2. Scan to a size and resolution that will cover all your potential uses for the scan. It is better to scan to a higher resolution and scale down later than to try the other way around. For example, I typically scan my entire record sheet to keep as an archive in case anything ever happens to the paper original. To that end, I scan the whole sheet at 300 ppi (pixels per inch) in RGB mode. I then save the page as a “Very High” quality JPG which often ends up as a 2-3 Mb file. I extract my sketches from that later and reduce their size and resolution individually to work for the web.
  3. If your scanner has an auto-calibration tool, by all means use it…unless its broken, in which case don’t use it. I like to scan my images in full color, even though they are pencil sketches. I feel it adds a little bit of personality to the sketch to have some slight color variation in it to start with–even though I mess with this later. However, I try to make sure the scanner gives me the scan as close to neutral as possible. If your scanner is consistently giving you off-color images that are overly yellow, green or otherwise, it may be a good idea to just scan in Grayscale mode to begin with. You can always convert that grayscale image to RGB later for any colorization you wish to do. This will give you a perfectly neutral image to work with, which is better than trying to get rid of a bad color cast if you aren’t experienced with that sort of thing.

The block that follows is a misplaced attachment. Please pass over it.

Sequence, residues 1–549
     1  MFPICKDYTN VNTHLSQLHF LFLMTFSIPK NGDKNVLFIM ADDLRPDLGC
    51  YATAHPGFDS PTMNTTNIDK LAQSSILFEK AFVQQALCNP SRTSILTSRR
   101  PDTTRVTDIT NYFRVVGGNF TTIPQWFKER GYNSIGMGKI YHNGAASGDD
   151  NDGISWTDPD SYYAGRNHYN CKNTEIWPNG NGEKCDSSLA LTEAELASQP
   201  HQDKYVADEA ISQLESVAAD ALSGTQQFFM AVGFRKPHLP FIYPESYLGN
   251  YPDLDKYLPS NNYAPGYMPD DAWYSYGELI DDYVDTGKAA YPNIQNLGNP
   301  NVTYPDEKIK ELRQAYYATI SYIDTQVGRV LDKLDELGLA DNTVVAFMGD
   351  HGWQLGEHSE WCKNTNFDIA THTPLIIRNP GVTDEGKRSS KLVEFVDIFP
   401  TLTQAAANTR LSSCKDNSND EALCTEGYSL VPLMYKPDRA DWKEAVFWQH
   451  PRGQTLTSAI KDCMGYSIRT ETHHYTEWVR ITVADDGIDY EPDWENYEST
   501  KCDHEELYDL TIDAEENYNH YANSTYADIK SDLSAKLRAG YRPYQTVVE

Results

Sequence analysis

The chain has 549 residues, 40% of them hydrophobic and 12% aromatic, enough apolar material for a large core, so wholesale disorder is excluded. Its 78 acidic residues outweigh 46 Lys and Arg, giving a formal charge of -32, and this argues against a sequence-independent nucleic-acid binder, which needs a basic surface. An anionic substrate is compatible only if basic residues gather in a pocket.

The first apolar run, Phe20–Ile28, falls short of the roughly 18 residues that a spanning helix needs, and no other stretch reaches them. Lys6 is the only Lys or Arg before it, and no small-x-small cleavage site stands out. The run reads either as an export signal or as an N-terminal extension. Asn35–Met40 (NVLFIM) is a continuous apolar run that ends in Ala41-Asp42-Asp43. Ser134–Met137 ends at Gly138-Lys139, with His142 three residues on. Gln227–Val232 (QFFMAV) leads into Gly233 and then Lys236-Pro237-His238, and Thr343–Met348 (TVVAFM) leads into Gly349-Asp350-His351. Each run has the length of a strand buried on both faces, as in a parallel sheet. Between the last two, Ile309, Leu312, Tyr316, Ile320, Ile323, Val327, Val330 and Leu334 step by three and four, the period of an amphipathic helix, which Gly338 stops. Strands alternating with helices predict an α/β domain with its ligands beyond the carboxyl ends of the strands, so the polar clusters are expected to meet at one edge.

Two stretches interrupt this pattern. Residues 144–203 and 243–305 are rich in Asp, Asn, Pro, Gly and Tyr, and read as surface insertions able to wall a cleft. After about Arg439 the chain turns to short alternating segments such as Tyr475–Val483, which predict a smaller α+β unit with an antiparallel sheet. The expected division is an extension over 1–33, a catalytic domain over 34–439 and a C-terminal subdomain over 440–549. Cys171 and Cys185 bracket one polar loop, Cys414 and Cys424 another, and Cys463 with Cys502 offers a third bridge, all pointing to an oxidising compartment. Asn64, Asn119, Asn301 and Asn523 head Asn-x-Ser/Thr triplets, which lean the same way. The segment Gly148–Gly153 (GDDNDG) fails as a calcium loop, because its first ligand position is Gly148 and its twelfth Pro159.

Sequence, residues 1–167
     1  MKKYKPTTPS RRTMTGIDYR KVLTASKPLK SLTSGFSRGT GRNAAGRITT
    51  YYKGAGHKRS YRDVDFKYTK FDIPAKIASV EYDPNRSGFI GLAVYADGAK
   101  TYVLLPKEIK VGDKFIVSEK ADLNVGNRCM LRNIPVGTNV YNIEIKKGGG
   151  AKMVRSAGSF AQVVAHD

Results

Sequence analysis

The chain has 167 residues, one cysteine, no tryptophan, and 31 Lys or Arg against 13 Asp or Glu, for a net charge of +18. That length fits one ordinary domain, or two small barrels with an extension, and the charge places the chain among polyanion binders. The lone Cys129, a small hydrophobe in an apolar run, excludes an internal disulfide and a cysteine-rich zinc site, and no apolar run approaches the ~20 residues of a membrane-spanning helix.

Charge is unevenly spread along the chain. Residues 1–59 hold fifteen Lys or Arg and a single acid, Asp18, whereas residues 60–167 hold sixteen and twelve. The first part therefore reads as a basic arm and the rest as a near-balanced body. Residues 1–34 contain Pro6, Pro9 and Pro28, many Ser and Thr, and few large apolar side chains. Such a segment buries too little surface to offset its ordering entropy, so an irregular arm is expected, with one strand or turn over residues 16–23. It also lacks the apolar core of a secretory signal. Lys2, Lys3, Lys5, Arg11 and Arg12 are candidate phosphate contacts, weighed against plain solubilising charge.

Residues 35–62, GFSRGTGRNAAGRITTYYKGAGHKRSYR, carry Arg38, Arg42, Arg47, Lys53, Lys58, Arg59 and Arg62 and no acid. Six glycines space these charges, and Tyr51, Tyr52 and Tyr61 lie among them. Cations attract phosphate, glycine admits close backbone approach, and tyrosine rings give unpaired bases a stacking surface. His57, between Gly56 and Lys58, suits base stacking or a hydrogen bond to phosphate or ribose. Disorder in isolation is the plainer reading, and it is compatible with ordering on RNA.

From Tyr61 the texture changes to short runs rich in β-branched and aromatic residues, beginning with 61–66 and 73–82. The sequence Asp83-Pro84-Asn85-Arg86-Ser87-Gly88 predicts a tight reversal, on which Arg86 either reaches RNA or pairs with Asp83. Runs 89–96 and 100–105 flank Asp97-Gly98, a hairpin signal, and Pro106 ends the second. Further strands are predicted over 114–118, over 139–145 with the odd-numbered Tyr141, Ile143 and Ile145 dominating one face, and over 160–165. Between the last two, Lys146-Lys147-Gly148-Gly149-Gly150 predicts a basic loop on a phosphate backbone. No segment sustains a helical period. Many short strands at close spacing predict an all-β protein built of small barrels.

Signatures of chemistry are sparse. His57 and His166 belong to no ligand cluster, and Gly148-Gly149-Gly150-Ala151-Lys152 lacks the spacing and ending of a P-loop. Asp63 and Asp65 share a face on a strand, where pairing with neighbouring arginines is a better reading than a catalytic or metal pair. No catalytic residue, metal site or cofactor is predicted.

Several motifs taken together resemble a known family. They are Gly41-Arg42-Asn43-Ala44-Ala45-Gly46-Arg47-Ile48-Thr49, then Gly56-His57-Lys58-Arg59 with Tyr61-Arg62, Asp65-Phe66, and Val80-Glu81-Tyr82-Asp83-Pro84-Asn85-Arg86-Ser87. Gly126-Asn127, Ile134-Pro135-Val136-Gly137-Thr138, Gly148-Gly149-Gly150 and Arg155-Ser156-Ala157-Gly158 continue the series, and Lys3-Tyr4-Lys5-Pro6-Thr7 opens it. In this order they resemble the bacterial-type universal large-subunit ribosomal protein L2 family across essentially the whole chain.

4. After you scan an image, keep an eye out for clipped highlights or shadows. Thats a way of saying to watch out that you aren’t losing subtle details in the lightest lights and darkest darks. If you sketch with pencil on white paper, the highlights are going to be your potential problem area. If you sketch with white chalk or pencil on black paper, it will likely be the opposite problem. Here is an example of what you want to avoid:
    Figure 1: Image with no clipping problems (M 92)

    Figure 2: Image with clipped highlights

    Figure 3: Image with clipped shadows

    If you are having these problems, you need to adjust your scanner’s gamma/brightness/contrast settings to alleviate it. Here’s where I have to refer you to your trusty (hated?) scanner manual. If your scanner is fussy and you can’t fix the hilights without really darkening the image, then go ahead and scan darker (as long as the shadows don’t get clipped ;). This is something you can fix in an image editing program. You cannot fix clipped hilights or shadows.
  5. Give some consideration to what file format you want to use to save your original resource document. This is the file you will come back to later to extract and optimize your sketches for the web. There are “lossy” file formats (e.g., JPG) and there are non-lossy formats (e.g., TIF, PSD, EPS). Lossy file formats sacrifice some level of image quality to make your file sizes much smaller. JPG will give you a choice: Smaller file size = Big loss in quality or Larger (but still manageable) file size = Minimal loss of quality. Non-lossy formats will not sacrifice any image quality, but you will have larger files to deal with. Since I keep 300 dpi, letter-sized scans for all my reports, I prefer some compression. Not that CD-ROMs aren’t affordable, but big files can be a pain to transfer around. And frankly, the fewer CDs I need to keep track of, the better. So I like to save in JPG format using “Very High” quality (Level 10 in Photoshop). For these type of images, I haven’t noticed any quality issues that concern me in the slightest. Try out some file formats and see what you think.

Next Page